The Biblical outline is even more remarkable when one considers that the conditions to which it refers had already ceased to exist by the end of the third millennium. At that time Indian civilization seems to have been completely extinguished to be rediscovered only in our time. In Egypt and Mesopotamia eras of prosperity were succeeded by Dark Ages. These fundamental changes reflect the aftermath of the Flood which took place at this time."

There has been great discussion about the difference between the creation of Man in chapter 1 and the creation of Man in chapter 2. One of the most well-known explanations is that chapter 1 describes things in general while chapter two gets into the details. These chapter distinctions are, of course, a Christian invention. It seems that according to Rabbi Biberfeld, it would make more sense to include within the generalized description of the early days of Man and mankind the first 14 verses of chapter 2. The verses about the Tree of Knowledge and the rivers come to tell us that once Man became knowledgeable enough, he was able to set out into the world and start creating the great civilizations he is known for.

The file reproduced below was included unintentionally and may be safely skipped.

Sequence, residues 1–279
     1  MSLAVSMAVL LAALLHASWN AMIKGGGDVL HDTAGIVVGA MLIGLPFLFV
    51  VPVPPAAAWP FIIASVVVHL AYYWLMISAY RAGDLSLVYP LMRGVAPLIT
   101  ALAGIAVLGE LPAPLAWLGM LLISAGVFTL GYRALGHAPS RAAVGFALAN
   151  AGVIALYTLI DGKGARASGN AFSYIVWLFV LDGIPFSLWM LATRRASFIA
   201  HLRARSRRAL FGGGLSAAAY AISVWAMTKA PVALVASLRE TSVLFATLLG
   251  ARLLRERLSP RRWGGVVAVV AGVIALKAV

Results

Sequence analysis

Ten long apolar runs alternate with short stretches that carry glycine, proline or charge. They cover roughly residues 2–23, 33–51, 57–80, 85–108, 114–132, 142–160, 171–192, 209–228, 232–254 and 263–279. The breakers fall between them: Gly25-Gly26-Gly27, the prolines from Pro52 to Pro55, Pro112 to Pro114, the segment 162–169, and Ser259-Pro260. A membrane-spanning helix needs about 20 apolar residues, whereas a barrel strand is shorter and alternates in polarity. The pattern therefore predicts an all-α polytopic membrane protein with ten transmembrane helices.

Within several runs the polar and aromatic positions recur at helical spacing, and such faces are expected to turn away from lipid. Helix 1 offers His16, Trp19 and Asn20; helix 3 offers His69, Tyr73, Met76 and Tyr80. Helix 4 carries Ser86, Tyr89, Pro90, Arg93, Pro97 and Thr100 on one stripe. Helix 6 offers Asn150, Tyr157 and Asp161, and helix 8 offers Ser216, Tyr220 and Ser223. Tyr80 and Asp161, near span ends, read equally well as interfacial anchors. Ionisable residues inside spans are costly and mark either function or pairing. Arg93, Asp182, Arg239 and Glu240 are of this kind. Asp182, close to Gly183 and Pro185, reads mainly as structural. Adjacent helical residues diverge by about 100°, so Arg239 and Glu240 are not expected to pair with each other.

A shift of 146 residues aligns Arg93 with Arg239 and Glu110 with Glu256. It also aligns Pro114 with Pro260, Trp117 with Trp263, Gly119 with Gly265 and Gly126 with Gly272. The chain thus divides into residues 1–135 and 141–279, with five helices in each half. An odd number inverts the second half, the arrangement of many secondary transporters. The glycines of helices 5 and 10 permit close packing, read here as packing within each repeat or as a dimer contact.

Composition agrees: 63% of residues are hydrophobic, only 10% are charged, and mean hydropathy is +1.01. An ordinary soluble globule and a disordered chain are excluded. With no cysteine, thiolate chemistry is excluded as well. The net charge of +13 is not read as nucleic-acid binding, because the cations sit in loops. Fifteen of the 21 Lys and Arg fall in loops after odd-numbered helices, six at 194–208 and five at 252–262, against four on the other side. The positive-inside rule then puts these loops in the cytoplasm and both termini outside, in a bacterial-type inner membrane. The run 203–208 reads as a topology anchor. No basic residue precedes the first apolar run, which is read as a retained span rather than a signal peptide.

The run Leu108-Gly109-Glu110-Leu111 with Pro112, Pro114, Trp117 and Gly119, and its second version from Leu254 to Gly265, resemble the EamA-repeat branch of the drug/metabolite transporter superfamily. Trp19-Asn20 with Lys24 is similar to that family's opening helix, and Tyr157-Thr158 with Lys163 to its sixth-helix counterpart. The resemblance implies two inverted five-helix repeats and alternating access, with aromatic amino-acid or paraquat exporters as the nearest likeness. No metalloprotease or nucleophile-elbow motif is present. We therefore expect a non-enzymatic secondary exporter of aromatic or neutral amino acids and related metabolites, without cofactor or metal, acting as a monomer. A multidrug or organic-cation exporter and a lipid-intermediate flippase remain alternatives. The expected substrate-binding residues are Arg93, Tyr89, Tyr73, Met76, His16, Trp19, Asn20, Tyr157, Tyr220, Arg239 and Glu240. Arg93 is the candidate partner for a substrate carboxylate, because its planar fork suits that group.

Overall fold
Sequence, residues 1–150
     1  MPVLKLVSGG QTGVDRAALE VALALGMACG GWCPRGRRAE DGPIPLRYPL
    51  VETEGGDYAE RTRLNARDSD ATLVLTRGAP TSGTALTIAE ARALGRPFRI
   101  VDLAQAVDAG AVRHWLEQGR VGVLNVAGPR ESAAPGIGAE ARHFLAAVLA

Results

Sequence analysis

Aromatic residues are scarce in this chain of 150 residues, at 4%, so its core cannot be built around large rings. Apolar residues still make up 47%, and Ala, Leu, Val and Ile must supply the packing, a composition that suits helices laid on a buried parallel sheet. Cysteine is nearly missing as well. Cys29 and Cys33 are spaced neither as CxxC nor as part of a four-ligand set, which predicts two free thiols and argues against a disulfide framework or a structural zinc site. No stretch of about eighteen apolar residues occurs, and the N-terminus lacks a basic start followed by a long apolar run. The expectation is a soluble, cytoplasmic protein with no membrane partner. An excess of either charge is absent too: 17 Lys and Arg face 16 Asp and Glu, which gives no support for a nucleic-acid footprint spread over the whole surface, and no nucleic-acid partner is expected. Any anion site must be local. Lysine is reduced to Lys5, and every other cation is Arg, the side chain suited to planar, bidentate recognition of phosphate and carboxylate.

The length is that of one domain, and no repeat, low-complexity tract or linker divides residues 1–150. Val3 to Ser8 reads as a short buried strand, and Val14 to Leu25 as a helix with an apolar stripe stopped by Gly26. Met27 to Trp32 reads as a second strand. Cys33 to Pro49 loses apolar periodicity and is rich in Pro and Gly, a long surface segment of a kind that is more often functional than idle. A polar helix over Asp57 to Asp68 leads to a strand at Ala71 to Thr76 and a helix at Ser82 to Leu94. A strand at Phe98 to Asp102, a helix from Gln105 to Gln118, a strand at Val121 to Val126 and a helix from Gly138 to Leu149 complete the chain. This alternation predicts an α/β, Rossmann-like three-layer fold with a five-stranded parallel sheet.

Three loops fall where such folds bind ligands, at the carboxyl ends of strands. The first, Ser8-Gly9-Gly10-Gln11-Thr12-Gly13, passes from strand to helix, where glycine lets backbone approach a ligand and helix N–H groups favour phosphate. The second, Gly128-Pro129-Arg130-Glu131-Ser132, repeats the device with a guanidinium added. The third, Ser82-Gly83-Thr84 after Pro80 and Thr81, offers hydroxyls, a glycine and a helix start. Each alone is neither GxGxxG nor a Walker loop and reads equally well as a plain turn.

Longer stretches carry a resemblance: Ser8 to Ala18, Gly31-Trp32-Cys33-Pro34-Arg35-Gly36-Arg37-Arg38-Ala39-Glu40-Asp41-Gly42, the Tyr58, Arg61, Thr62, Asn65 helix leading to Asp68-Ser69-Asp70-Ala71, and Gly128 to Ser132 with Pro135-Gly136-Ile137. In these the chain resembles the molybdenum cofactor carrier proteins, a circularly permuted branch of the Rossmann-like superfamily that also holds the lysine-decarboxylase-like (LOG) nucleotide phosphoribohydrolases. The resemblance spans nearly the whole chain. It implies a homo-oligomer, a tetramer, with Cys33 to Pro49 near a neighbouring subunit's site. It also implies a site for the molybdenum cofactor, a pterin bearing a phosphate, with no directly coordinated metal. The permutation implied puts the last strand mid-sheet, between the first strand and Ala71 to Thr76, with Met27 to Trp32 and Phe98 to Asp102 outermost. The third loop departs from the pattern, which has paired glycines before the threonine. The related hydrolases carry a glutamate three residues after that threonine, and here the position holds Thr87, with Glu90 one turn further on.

1) I heard the following explanation (which may be the Waters of Eden referenced above):

Impurity comes from death. Death is a post-Garden of Eden reality. The waters of the world are sourced back to the Garden of Eden. Therefore immersing in them accomplishes returning one's self to the Garden of Eden, where there is no such thing as death. Therefore, a mikvah has the ability to remove impurity (which comes from death) because it is water from the Garden of Eden.

It is important to know that it is part of the geography of Gan Eden, and that it departs from there. The reason water has the quality that it has is because it comes from Gan Eden. Additionally, this is the only place that discusses the layout of Gan Eden, so it belongs specifically here.

2) In the book (novel) With All My Heart With All My Soul by (pseudonym) B.D. Daehu, he says an explanation that I don't fully appreciate. He explains an approach very similar to that of Lonely Man of Faith about the two accounts of creation of Adam, and concludes with a comment about the rivers being in the second section as the calm, quiet flow of the rivers speaks to the solitary state of man, which is the theme of the second account of Man's creation in his approach.

  • @SethJ edited... Jan 22, 2014 at 1:18
  • What's with the second section? You disagree with an idea sourced in a novel, and yet you make it part of your answer?
    – Seth J
    Jan 22, 2014 at 6:33
  • (I appreciate your edit to the first section.)
    – Seth J
    Jan 22, 2014 at 6:33
  • @SethJ I did not say I disagree, I just said I don't fully appreciate it. The author is a distinguished and well known Rabbi, despite it being a novel, which is why I give it credence. I just don't think he fully explains the symbolism. Jan 22, 2014 at 18:51
  • @SethJ And should I assume the downvote is not yours then, or was it kept because of the novel? Jan 22, 2014 at 18:52